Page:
by Jane Miller
All that I really knew about Jordan when I booked my trip was that it was home to the Lost City of Petra, which I’ve wanted to visit ever since watching the movie Indiana Jones as a teenager! So I’m not really sure what I expected – but what I found certainly didn’t match the vague notions I had in my head. For a small country Jordan certainly packs a lot in!
We arrived at a modern and attractive airport to be collected by our Jordan guide in his comfortable people carrier. Driving towards down-town Amman, Jordan’s capital, the conversation subsided as we began to take in our fascinating surroundings. The landscape and architecture is quite different to anything else my travelling companions and I have seen before.
Amman is built on a series of hills, buildings are jammed together to cover every inch of ground and they’re all constructed in the same square, flat roof style, using the same light coloured stone, giving the whole city a boxy, monochromatic appearance. Many of the buildings appeared either unfinished or damaged, with columns of structural metal rods protruding from the rooftops. Our guide explained that this is because of the Muslim tradition of generations living together – the unfinished upper story is where the children build when they’re ready. Most of the cities and towns we visited in Jordan had this same pale, boxy, unfinished appearance.
Jerash | Jordan
Against this backdrop we discovered areas of incredible beauty. Our first trip outside of Amman was to Jerash. The modern city of Jerash is true to the Jordan building code – however it is also home to the ruins of a Greco-Roman city, which are some of the most complete and impressive ruins I’ve visited anywhere in the world. Much of the long colonnaded main street and the forum remains intact. There are two large temples and an incredibly well preserved hippodrome. With the help of an expert local guide it wasn’t hard to imagine what life would have been like thousands of years ago in this amazingly sophisticated and beautiful place.
Wadi Rum | Jordan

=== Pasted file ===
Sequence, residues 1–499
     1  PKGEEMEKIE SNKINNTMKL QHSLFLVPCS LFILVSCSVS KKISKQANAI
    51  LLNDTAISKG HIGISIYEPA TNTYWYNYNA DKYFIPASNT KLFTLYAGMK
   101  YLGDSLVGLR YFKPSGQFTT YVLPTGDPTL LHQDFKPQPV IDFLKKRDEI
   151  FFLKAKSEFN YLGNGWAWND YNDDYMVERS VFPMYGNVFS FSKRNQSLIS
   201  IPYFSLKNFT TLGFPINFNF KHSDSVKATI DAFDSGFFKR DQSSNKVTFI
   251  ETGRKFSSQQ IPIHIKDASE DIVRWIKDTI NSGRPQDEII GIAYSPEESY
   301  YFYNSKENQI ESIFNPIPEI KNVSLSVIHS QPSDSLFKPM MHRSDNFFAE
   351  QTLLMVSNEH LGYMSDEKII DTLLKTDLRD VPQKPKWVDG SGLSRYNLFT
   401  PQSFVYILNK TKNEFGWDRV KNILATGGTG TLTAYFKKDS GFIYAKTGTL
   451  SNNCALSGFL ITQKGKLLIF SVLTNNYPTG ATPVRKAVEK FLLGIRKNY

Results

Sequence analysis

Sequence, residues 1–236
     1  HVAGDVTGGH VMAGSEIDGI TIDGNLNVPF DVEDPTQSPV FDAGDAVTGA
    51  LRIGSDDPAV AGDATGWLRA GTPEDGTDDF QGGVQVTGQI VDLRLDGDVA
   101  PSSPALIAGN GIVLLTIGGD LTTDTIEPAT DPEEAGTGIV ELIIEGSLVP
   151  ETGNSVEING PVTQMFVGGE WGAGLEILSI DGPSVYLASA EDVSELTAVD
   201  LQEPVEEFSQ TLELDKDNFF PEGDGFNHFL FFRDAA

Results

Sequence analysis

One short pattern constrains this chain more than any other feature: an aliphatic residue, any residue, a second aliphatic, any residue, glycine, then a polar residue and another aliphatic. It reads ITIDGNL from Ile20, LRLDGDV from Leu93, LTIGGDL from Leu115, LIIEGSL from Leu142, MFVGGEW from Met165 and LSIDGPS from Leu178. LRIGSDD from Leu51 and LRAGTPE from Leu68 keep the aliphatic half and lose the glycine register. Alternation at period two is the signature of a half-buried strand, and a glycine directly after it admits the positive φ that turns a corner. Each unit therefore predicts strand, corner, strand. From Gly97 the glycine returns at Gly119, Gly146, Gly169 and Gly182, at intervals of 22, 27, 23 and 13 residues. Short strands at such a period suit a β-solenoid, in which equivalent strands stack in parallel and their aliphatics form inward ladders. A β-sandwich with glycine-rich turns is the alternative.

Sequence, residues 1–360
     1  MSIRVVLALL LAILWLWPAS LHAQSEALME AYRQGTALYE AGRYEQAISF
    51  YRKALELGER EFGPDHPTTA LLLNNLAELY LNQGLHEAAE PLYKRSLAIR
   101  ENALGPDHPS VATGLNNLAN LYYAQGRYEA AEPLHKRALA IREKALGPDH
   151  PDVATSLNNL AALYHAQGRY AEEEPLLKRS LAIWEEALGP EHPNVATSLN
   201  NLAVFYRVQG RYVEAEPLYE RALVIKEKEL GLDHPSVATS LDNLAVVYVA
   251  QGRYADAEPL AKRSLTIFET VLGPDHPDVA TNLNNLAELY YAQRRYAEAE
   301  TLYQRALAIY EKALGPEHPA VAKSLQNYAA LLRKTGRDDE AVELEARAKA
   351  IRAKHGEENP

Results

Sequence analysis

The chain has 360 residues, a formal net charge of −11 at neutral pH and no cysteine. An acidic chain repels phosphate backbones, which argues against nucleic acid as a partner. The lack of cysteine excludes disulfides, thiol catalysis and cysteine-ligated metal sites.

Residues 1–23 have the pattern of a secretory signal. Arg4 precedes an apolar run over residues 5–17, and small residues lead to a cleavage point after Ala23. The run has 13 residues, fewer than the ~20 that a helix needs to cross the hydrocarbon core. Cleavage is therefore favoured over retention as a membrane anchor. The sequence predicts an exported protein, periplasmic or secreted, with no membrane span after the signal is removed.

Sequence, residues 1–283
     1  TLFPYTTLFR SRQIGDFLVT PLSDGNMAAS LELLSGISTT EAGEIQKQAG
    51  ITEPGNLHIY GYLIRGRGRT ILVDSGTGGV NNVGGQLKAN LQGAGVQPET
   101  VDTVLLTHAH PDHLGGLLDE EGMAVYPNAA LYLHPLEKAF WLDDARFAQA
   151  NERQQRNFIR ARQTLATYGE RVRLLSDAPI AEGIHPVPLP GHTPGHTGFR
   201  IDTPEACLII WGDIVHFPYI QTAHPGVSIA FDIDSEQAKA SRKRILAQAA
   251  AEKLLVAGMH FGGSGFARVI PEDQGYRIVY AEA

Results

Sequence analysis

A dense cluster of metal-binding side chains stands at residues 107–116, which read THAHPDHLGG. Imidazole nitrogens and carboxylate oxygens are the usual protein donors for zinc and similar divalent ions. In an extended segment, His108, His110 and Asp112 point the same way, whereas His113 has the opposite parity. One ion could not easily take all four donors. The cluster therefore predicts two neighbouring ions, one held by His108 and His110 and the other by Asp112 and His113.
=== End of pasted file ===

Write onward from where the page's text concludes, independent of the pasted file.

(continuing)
After a dip in the Dead Sea the following morning, we took the long drive to Jordan’s desert area of Wadi Rum. Again, I had little idea what to expect, and arriving at our desert camp in the dark of night didn’t enlighten me. Waking early I was absolutely blown-away by the incredible beauty of the sun rising over desert rock formations surrounding the camp site. Following breakfast we climbed into the back of an open air 4WD to explore this fantastic landscape. The scale, shape and colours of the ancient rock formations, rising up from the sand for mile after mile are simply breathtaking.
The Lost City of Petra | Jordan
The next part of our journey across Jordan took us through starkly beautiful mountainous terrain to the magnificent Lost City of Petra. An early morning start meant we walked through the soaring Siq almost alone. Our delightful local guide pointed out the ancient engineering features and carvings as we made our way towards the awe-inspiring Treasury hewn into the rose-coloured sandstone cliff face. Simply breathtaking!
We continued through the Lost City, passing dozens of tombs and an enormous amphitheatre carved into the rock face, and running the gauntlet of Bedouin touts offering “genuine” artefacts and trinkets. Riding mules, we mounted the 800 steps to the Monastery, another massive façade carved into the mountain top rock face. We walked a little further to one of two viewpoints on the cliff tops to take in the incredible vistas and enjoy at cup of mint tea with the friendly Bedouin vendor who has made this his place of business.
We discover Jordan on the following Bunnik Tours:
Alternatively, you can add it as an independent tour or extension: